Kenitra - Morocco is in the throes of revolutionary educational change at a pivotal point in the nation’s history. With high market demand and an ever-increasing need for students to develop English language skills, the time to act is now. The government has toyed with the notion for a long time, but the need to provide the upcoming generation with a platform to improve the quality of education and access to further study has never been greater.
Kenitra – Morocco is in the throes of revolutionary educational change at a pivotal point in the nation’s history. With high market demand and an ever-increasing need for students to develop English language skills, the time to act is now. The government has toyed with the notion for a long time, but the need to provide the upcoming generation with a platform to improve the quality of education and access to further study has never been greater.
Quality teaching at both the primary and secondary levels is critical to lift the aspirations, ambitions, and goals of students, both at home and abroad with globalization and a smaller marketplace so apparent. Many countries have already started implementing educational changes in places such as Malaysia, Qatar, Abu Dhabi, and Dubai.
In the past, the teacher held a monopoly over knowledge in the classroom, dictating the general policy of lecturing and maintaining firm order. Today, with the rise of the Internet and related technology, the young generation is faced with an ever-increasing tsunami of information, with reportedly up to 5,000 new websites created daily on the world stage.
The youth of today must be allowed to become independent learners, critical thinkers, and multi-skilled self-motivators, developed by facilitators of learning and modern pedagogy. They must be taught at a fairly young age how to gather, analyze, decipher and, as my elderly mother of 90 years young would say, be able to sort “the wheat from the chaff.”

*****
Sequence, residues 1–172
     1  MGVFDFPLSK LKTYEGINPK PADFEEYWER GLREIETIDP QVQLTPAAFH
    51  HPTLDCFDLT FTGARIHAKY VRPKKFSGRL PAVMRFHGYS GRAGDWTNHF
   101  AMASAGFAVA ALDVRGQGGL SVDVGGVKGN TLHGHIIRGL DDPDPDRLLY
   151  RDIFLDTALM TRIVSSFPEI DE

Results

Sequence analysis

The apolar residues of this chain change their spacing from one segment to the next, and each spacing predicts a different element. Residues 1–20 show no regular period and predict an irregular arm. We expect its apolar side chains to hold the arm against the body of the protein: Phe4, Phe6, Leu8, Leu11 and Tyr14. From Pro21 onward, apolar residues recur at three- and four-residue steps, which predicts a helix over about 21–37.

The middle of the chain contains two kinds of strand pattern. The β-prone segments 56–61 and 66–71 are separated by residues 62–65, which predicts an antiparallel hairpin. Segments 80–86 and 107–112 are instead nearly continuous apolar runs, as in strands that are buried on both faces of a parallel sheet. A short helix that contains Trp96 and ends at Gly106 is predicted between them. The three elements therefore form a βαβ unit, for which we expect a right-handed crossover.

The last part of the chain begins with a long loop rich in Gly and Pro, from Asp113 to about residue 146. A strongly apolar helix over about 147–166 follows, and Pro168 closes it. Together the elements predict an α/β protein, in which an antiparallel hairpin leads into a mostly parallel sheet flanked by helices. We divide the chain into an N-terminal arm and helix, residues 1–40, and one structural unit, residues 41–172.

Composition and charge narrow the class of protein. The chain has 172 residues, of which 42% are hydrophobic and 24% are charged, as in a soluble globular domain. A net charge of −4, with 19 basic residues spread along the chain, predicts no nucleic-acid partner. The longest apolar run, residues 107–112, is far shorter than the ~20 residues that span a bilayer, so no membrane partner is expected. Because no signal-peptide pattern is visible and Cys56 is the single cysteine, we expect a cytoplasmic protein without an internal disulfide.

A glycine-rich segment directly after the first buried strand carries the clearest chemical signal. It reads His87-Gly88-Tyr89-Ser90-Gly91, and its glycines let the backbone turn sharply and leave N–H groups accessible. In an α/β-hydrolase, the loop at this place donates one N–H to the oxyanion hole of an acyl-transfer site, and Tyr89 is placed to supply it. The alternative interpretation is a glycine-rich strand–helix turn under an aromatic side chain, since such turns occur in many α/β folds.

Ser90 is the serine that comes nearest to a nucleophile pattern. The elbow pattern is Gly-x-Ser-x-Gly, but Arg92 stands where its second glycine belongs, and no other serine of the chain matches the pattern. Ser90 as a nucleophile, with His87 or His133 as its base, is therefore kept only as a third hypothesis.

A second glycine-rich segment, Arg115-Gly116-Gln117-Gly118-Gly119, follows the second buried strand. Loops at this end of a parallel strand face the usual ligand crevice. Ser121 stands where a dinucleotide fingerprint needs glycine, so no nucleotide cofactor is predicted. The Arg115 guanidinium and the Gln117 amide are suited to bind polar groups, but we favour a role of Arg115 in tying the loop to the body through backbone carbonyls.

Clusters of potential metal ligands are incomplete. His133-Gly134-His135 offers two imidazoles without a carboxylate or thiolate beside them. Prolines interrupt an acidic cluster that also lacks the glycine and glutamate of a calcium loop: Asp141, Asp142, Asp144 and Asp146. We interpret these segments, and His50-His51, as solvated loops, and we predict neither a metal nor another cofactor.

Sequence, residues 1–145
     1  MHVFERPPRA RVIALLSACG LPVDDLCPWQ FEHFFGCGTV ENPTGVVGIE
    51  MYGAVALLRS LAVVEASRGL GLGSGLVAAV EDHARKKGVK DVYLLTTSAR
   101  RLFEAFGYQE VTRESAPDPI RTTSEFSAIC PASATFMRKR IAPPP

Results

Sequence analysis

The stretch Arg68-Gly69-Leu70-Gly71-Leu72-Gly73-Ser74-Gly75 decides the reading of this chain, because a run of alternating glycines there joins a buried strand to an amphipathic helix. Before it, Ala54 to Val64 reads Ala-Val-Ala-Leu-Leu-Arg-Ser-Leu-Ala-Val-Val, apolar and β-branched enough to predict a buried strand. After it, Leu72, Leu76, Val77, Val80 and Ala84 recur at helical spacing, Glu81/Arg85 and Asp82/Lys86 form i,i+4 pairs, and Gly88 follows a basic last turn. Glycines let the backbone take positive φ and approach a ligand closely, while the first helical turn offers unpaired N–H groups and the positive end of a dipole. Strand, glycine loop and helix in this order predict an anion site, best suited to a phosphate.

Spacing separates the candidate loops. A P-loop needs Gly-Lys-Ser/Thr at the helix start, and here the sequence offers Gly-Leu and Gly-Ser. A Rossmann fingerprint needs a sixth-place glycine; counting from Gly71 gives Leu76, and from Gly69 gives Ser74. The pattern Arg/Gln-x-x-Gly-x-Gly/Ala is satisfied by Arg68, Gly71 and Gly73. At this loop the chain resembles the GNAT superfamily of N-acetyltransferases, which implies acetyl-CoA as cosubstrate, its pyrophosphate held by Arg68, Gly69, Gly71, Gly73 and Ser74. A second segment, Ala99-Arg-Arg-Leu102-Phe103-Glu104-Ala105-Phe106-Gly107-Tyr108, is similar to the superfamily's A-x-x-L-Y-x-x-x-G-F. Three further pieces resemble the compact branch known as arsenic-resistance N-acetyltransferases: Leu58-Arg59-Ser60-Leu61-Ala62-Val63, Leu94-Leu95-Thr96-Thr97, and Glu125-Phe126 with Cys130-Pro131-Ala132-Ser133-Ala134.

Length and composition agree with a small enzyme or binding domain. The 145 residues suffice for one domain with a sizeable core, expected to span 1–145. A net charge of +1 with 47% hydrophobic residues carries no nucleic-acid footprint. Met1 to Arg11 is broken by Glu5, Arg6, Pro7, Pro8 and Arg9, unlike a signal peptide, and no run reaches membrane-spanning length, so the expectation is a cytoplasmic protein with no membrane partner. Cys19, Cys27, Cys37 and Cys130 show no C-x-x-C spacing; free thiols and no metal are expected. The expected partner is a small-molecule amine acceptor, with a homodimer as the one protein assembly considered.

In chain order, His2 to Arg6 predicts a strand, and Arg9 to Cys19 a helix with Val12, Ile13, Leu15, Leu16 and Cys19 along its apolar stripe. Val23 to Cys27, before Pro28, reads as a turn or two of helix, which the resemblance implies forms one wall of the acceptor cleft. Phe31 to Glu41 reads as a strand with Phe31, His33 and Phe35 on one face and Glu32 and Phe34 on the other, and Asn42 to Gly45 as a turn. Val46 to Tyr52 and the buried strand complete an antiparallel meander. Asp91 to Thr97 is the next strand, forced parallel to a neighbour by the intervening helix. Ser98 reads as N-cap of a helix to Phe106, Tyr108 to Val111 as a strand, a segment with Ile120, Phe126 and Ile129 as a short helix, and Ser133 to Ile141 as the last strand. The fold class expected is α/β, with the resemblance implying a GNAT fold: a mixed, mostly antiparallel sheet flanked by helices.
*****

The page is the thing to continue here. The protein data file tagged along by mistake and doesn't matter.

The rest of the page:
The classroom, as an institution for learning, has to change, not only in terms of its resourcing, but also more importantly in the delivery and learning of knowledge. It is time that teachers ‘per se’ are phased out, to be replaced by ‘facilitators of learning’, who equally partake in constant, regular professional development as lifelong learners. Teaching methodology needs to be updated with current pedagogy of fostering greater student-centered learning and co-operative learning structures. This is how modern education strategies impart the skills that will be increasingly required in the future. Without these, full benefit from this digital age would hamper the individual for life.
Morocco’s education system, akin most of the world, requires focus, and an overhaul is vital if we are to do justice to a generation hungry with great expectations as they see more than ever what lies beyond these shores.
Schools as institutions need to be at the heart of community development, with an emphasis on partnerships with stakeholders (aside from parents) to industry, government, and the wider society at large. Schools must become communicators of knowledge and learning, with all of society involved.